Spectator on facebook

Spectator on facebook

Judge faces discipline for releasing suspect who later killed

The judge of court in Ružomberok in northern Slovakia, identified as Miriam P., who did not take into custody the man who in August 2014 murdered two people before killing himself, will face a proceeding before the disciplinary senate.

The judge of court in Ružomberok in northern Slovakia, identified as Miriam P., who did not take into custody the man who in August 2014 murdered two people before killing himself, will face a proceeding before the disciplinary senate.

The trial of Miriam P. has been set for February 23 after new disciplinary panels were formed, Supreme Court spokeswoman Marej Kereš confirmed for the SITA newswire.

The motion was filed by Justice Minister Tomáš Borec who proposes to reduce her salary by 70 percent for one year.

On August 18, the man identified as Ivan Š. (aged 42) killed his former partner, aged 45, and her mother (65) before shooting himself. The General Prosecutor’s Office said that the judge is responsible for him not already being in custody. The supervising prosecutor allegedly informed on the phone that Ivan Š. should be detained; but the Regional Court in Žilina claims there is no record confirming this, and the judge denied having received any warning on the phone.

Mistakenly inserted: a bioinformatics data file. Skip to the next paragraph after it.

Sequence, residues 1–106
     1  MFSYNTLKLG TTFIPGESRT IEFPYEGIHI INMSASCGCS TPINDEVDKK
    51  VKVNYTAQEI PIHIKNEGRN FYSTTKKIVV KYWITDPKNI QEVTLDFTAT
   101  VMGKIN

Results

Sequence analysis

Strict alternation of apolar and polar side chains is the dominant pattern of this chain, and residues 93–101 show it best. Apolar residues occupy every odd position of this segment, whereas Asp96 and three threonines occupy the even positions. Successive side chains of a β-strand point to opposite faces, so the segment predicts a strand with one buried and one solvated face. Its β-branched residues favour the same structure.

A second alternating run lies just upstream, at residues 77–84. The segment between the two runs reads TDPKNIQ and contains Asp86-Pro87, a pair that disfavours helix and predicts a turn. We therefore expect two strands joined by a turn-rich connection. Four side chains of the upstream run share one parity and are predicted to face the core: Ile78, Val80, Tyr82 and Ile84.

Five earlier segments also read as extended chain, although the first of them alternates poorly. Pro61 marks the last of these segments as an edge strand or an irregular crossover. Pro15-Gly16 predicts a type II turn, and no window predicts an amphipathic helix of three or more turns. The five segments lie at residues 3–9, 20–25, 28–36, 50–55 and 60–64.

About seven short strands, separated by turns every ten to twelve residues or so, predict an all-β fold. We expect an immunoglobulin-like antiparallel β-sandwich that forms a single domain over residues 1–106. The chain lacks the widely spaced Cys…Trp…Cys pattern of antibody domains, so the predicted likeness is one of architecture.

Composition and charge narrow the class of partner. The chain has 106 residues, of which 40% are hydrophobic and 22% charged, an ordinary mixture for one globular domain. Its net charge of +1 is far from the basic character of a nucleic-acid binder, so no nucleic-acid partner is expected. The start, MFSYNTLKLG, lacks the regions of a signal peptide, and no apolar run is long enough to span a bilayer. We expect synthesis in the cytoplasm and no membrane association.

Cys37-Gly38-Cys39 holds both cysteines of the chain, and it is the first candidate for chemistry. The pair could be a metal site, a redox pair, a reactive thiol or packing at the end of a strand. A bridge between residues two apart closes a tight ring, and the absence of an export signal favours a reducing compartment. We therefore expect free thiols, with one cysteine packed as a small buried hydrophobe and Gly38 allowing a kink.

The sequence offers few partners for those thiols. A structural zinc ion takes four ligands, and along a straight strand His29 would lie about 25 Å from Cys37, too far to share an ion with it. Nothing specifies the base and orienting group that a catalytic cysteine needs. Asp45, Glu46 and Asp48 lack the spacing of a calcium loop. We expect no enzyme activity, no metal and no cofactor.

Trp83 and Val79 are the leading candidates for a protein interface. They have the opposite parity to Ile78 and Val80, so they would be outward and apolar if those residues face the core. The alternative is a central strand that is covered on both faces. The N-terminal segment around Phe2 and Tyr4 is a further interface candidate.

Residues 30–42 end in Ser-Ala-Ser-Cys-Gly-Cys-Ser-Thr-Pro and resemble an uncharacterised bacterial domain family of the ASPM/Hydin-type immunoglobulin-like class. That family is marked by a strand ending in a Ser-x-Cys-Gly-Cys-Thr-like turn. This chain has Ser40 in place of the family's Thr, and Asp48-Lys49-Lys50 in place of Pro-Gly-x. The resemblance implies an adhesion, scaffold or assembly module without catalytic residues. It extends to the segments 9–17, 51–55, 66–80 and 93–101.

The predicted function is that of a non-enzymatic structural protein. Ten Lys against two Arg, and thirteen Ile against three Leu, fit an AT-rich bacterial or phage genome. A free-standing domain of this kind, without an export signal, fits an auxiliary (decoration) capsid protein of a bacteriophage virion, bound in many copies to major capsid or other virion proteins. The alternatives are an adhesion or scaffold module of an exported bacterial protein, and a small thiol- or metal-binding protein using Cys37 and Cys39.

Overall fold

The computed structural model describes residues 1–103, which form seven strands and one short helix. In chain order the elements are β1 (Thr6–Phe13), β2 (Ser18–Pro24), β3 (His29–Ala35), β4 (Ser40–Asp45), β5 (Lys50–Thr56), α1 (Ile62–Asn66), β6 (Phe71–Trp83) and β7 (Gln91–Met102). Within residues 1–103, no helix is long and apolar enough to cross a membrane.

(Source: SITA)
Compiled by Zuzana Vilikovská from press reports
The Slovak Spectator cannot vouch for the accuracy of the information presented in its Flash News postings.

Top stories

The Bratislava airport has competition in Vienna

The airport in Vienna, only about 60 kilometres from the Slovak capital, gains 17 new low-cost airliner flights.

Illustrative stock photo

Surcharges for night, weekend and holiday work will go up in two phases

Social partners agree upon a compromise solution.

Royal chocolate made by Slovak Photo

Some of the chocolate art pieces are decorated with gold or silver.

Giving a voice to those unheard

The Sme daily celebrates 25 years since its founding. It is of immense importance that it remains independent and free, writes its editor-in-chief.